As It Happens

'The nightmares have come back,' says Katrina survivor fleeing Houston floods

After Katrina, many displaced New Orleans residents made Houston their new home — only to face it all again with Harvey. Two-time evacuee Christine Valerio tells her story.
Vehicles are abandoned along flooded Dairy Ashford Drive in Houston, Texas, on Monday. (Erich Schlegel/Getty Images)

Full Story Transcript

When word first came that Hurricane Harvey was headed for Texas, Houston resident Christine Valerio said many of her neighbours didn't take it seriously.

But Valerio knew better. She'd been through this before when she fled New Orleans in the wake of 2005's deadly Hurricane Katrina. 

"Ever since they were saying it was coming, that's all I had been thinking about — praying again, telling people to take it seriously," Valerio told As It Happens guest host Susan Bonner. "I knew that this was not something to play with, that this was not a laughing moment."

Twelve years ago, more than 250,000 New Orleans evacuees arrived in Houston. Of those, an estimated 100,000 stayed permanently, according to the Guardian

Valerio is one of them, and her memories of Katrina were fresh in her mind as she fled her home for the second time on Saturday.

"I don't know if we can handle another uprooting like this, another start all over from scratch," she said. "It hurts to go through this again. It hurts to relive those images. The nightmares have come back."

Going through Katrina, it hurts to say that this is worse. It's 10 times worse.- Houston resident Christine Valerio

There was no official evacuation order in place when Valerio and her family left their home, but the waters were rising and the rain was battering the windows of her one-floor apartment near the city's Greenspoint neighbourhood.

So she made the choice to leave with her husband and seven-year-old daughter and head for higher ground at her mother's house in Humble, a suburb north of the city. 

Christine Valerio, second from the left, and her extended family, pictured here in 2015, are hunkered up at her mother's home in Humble, Texas. (Christine Valerio)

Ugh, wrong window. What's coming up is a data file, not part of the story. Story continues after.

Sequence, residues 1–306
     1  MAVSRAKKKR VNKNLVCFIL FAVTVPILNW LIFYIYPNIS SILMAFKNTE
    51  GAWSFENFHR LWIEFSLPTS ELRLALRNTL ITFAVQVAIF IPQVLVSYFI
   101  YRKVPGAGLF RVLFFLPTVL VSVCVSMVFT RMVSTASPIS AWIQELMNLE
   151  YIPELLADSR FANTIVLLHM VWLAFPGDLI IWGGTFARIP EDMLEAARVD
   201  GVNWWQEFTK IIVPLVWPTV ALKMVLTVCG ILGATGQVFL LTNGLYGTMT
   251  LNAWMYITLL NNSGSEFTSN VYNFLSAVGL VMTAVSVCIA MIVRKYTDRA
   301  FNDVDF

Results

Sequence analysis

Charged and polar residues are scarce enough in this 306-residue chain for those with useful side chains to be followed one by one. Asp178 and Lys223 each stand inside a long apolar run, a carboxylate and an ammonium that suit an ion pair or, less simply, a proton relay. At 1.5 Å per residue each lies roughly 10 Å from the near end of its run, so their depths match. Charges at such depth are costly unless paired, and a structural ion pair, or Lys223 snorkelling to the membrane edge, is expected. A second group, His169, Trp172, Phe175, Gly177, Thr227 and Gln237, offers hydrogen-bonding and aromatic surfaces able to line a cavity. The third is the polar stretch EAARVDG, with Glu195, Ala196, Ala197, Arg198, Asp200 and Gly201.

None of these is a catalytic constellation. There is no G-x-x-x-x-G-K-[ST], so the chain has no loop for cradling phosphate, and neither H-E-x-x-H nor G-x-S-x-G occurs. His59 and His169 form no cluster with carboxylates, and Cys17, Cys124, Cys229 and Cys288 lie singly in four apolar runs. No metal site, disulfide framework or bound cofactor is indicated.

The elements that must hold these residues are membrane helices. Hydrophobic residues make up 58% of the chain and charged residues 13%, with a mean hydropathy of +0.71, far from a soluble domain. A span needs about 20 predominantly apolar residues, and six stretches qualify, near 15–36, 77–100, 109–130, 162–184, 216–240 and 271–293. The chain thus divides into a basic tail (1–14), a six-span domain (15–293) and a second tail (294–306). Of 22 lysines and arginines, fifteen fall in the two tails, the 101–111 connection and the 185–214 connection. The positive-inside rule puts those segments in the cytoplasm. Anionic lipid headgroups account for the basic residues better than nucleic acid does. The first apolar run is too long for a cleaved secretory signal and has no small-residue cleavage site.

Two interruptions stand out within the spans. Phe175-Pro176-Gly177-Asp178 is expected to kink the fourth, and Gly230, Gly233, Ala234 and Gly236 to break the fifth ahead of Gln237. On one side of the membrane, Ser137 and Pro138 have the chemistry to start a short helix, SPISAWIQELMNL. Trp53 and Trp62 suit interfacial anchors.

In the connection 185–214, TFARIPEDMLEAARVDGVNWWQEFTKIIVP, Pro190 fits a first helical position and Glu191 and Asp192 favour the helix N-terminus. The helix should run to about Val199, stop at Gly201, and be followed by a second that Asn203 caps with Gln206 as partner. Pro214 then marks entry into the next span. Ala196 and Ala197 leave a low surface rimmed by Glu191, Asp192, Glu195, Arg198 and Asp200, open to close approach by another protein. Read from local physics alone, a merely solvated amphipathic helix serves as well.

"I have a little girl. I just — I couldn't let her experience or see the things that I saw. I had to get me and my family out of there," she said. "We had to go."

And it appears she left in the nick of time.

"If we wouldn't have left when we did, we would never have been able to make it to my mom's because every way to get to her would have been covered in water," she said.

As she was driving, she said the waters were rising along the banks of the highway, threatening to cut them off.

She put her little girl in a life jacket, and turned to her husband, a strong swimmer, and said. "If we go into water, save our daughter. Just let me go."

Evacuees are boarded onto buses in New Orleans on Sept. 6, 2005. An estimated 100,000 Katrina evacuees made Houston their new home. (Shannon Stapleton/Reuters)

It made her remember a man in New Orleans during Katrina who called her crying, saying he had to choose which of his two daughters to save when they all got caught up in a powerful current. 

"And you know, these are decisions I know mothers and fathers are making right now," she said. 

Some 30,000 residents of the nation's fourth-largest city were expected to be left temporarily homeless by Harvey, which became the most powerful hurricane to strike Texas in more than 50 years when it came ashore on Friday near Corpus Christi, about 354 km south of Houston.

Interstate highway 45 is completely submerged from the effects of Harvey. Christine Valerio said she made it out just in the nick of time. (Richard Carson/Reuters)

Death estimates vary, but at least two people have been confirmed killed by the storm.

Police and Coast Guard teams have rescued at least 2,000 people so far, plucking many from rooftops by helicopter, as they urged the hundreds believed to be marooned in flooded houses to hang towels or sheets outside to alert rescuers.

Thousands of members of the National Guard, as well as state and local police were rushing in helicopters, boats and trucks to rescue people before waters rise again, with another 38-64 cm of rain expected in the coming days.

"Right now, the only word you can say is catastrophic. This is unlike anything that anybody has ever seen," Valerio said.  "Going through Katrina, it hurts to say that this is worse. It's 10 times worse."

Valerio had nothing but praise for local officials and for her neighbours, who she said have banded together in the wake of the deadly floods.

But she said she doesn't expect much from U.S. President Donald Trump.

"When I saw the video of the reporter asking him, 'Do you have anything to say to the people in Texas?' and he put up his thumb and said, 'Good luck,' that hurt. That hurt us all. And honestly, I don't expect much," she said.

"All we can do is be a good neighbour. With all of this race-baiting, all of this hateful stuff going on in the United States right now, the one thing that I am happy about is that they're saying that in Texas right now, colour does not matter. Your religion does not matter. Your preference does not matter. Your life matters.

"And I pray that we keep this mind set and realize that we can't keep fighting one another. At the end of the day, there's only one race, and that's the human race."

With files from Reuters. For more on this story, listen to our interview with Christine Valerio:

After Katrina, many displaced New Orleans residents made Houston their new home — only to face it all again with Harvey. Two-time evacuee Christine Valerio tells her story. 9:03